First published in The Conversation on 20 December 2011
We all know somebody like Dick: a bloke who rates himself for no apparent reason and who optimistically reckons every woman – especially every attractive woman – is interested in him.
Most of us have met somebody like Sally too; a woman oblivious to her own attractiveness who seems to have Dicks orbiting her like ponderous moons around a particularly sunny planet.
Sure, Dick and Sally are blunt stereotypes, but that doesn’t mean they aren’t also real people. In fact, it’s people just like Dick and Sally that are the focus of a new study by University of Texas researchers.
As any adolescent could tell you, negotiating sexual interest is a real minefield. Fail to recognise those flickering sparks and the only thing you’ll be kissing is the back of your hand. But over-interpret a small gesture or kind word and you could make a massive fool of yourself.
These problems of over- or under-estimating another’s sexual or romantic interest are not confined to teenagers. Experiments by evolutionary psychologists have, for some time, been showing us what we always suspected: men tend to think women are more interested than they really are.
The reasons can be found in Error Management Theory, a body of ideas developed by evolutionary psychologists, Martie Haselton and David Buss. Basically, in an ambiguous situation, the costs of playing it safe are not the same as the costs of throwing caution to the wind.
Most of us, when we hear a rustling in the grass, tend to tread carefully in order to avoid a potentially deadly confrontation with a snake. Our caution might slow us up more often than is necessary, but that is much better than being bitten by a venomous serpent. Throughout history, a tendency to overestimate the danger of snakebite kept our ancestors safe. Meanwhile, folks who underestimated the peril died, as did their carefree genes.
In much the same way, Haselton and Buss argued that men and women have, throughout history, suffered different costs of over-estimating or under-estimating sexual interest. Guys who were too cautious missed out on chances to mate. Men who overestimated women’s interest suffered no more than embarrassment, but they never died wondering.
These are the men from whom we mostly descend.
A woman’s evolutionary fitness depends less on the number of sexual partners she has than a man’s does. Deterring unwanted suitors and choosing the best among those on offer have always been the main challenges for our female ancestors. Women who weren’t cautious enough could end up pregnant to the wrong kind of guy.
This kind of “men are over-keen, women are over-cautious” message often attracts heat for merely reinforcing old, oppressive, stereotypes. But evolutionary psychology is at its best when it reveals where those stereotypes come from, and why not everybody conforms.
Perilloux, Easton and Buss set out to measure the differences between how individual men and women over- or under-estimate sexual interest from members of the opposite sex. To do so, they set up “speed-meetings” where every woman met each of five men for a short time, and every man met each of five women.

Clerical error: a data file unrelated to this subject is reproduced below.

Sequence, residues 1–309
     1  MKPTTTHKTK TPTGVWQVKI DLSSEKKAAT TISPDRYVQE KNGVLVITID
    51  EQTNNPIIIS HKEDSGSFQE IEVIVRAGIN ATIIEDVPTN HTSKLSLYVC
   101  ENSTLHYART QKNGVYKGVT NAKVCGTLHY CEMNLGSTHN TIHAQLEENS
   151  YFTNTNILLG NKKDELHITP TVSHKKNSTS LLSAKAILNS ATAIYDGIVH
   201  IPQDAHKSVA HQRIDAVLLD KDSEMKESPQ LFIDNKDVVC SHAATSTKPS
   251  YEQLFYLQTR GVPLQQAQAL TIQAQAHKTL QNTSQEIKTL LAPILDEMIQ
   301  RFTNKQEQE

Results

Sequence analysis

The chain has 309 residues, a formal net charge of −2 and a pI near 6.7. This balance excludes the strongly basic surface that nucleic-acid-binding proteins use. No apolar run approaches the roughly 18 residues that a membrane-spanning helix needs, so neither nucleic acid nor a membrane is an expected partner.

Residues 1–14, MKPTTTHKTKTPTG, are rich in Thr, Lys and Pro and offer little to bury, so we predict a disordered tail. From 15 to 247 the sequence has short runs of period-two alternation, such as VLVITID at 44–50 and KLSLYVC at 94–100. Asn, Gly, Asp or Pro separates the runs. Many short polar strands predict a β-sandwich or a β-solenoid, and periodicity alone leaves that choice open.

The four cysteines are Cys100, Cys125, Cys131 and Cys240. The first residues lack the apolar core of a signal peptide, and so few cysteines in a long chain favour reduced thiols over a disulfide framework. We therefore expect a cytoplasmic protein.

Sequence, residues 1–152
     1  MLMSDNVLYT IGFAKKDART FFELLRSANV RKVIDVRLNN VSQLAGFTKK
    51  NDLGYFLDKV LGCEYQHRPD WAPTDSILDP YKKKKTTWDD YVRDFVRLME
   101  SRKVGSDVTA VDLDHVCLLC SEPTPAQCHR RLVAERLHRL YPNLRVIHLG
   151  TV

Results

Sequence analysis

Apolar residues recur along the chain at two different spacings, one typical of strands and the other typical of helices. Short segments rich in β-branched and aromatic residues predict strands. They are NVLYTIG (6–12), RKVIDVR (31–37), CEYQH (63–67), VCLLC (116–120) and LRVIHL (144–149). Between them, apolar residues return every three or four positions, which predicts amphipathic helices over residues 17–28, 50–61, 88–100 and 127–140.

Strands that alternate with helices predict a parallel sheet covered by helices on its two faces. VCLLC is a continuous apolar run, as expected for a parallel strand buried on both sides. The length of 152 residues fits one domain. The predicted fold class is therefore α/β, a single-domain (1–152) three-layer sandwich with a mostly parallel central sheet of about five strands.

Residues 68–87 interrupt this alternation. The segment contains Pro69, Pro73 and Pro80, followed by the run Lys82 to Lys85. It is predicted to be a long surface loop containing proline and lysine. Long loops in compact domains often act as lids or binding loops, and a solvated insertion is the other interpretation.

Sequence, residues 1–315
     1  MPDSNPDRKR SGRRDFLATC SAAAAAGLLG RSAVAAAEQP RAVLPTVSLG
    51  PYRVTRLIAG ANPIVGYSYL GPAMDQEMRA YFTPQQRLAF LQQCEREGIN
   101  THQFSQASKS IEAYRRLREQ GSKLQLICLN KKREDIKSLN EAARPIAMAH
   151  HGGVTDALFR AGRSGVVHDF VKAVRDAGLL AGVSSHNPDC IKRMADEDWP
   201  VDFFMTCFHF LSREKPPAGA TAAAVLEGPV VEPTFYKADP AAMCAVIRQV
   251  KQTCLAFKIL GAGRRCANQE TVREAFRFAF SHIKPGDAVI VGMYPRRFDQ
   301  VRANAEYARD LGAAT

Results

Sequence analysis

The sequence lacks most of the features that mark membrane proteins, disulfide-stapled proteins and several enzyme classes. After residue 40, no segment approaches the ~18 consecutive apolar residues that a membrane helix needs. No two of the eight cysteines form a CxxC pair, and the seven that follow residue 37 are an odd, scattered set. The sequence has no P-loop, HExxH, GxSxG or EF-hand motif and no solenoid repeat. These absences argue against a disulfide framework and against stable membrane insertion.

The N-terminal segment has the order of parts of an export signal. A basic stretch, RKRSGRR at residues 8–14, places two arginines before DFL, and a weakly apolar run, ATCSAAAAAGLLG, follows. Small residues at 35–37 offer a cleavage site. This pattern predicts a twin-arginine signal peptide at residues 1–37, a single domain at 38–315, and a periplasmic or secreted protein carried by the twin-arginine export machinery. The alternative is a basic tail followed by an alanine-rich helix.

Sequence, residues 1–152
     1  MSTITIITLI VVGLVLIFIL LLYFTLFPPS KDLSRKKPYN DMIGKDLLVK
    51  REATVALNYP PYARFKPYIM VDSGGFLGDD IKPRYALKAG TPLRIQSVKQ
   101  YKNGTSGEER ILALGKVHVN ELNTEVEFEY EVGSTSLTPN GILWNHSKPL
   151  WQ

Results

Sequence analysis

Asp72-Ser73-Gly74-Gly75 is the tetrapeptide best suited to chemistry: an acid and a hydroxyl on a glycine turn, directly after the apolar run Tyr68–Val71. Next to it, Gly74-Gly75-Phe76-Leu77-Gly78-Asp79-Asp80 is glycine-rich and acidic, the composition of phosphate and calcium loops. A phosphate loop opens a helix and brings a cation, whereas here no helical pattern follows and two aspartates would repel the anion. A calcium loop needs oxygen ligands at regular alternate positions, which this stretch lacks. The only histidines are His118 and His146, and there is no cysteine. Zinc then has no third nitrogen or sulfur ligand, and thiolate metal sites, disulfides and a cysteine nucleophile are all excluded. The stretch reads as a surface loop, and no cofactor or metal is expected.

The subjects provided a lot of information about themselves, rated the attractiveness of each person they met, and estimated the sexual interest shown by each person they met.
As expected, the men tended to overestimate how interested each woman was, and the women tended to underestimate how interested each man was. The effect was so strong, it reminded me of comedian Larry Miller’s quip:
“If women knew – if they even had the slightest idea – of what men were thinking, they’d never stop slapping us.”
Men’s mistakes, it turns out, aren’t some simplistic curse of the Y-chromosome. Men who report being keen for a brief fling tended to overestimate women’s sexual interest. So did men who rated themselves – and especially their bodies – as attractive. But the men that women actually were attracted to tended to underestimate these women’s interest.
The errors that men made depended, too, on the woman’s attractiveness. The more attractive she was to him, the greater the chance he would overestimate her interest.
The study revealed less about which women were most likely to underestimate men’s interest. Women interested in or open to a short fling were neither more nor less likely to underestimate mens’ interest. Unfortunately the paper doesn’t say if women’s attractiveness tends to predict whether they are more or less likely to misperceive the level of interest from men. Information of this type would certainly be fascinating.
Evolutionary biology is revealing ever more about the complex push and pull between cooperation and conflict at the heart of our sexual relationships. Psychology is starting to show that we have an enormous capacity to deceive ourselves – all the better to manipulate and lie to others.
I am sure we will soon see clever experiments that ask whether women underestimate their own levels of sexual interest, lying to themselves in order to better deceive the men who orbit them. Likewise, do men deceive themselves into thinking they are keener, or smarter, or better looking than they really are in order to make more convincing suitors?
I think we all know a few people like that.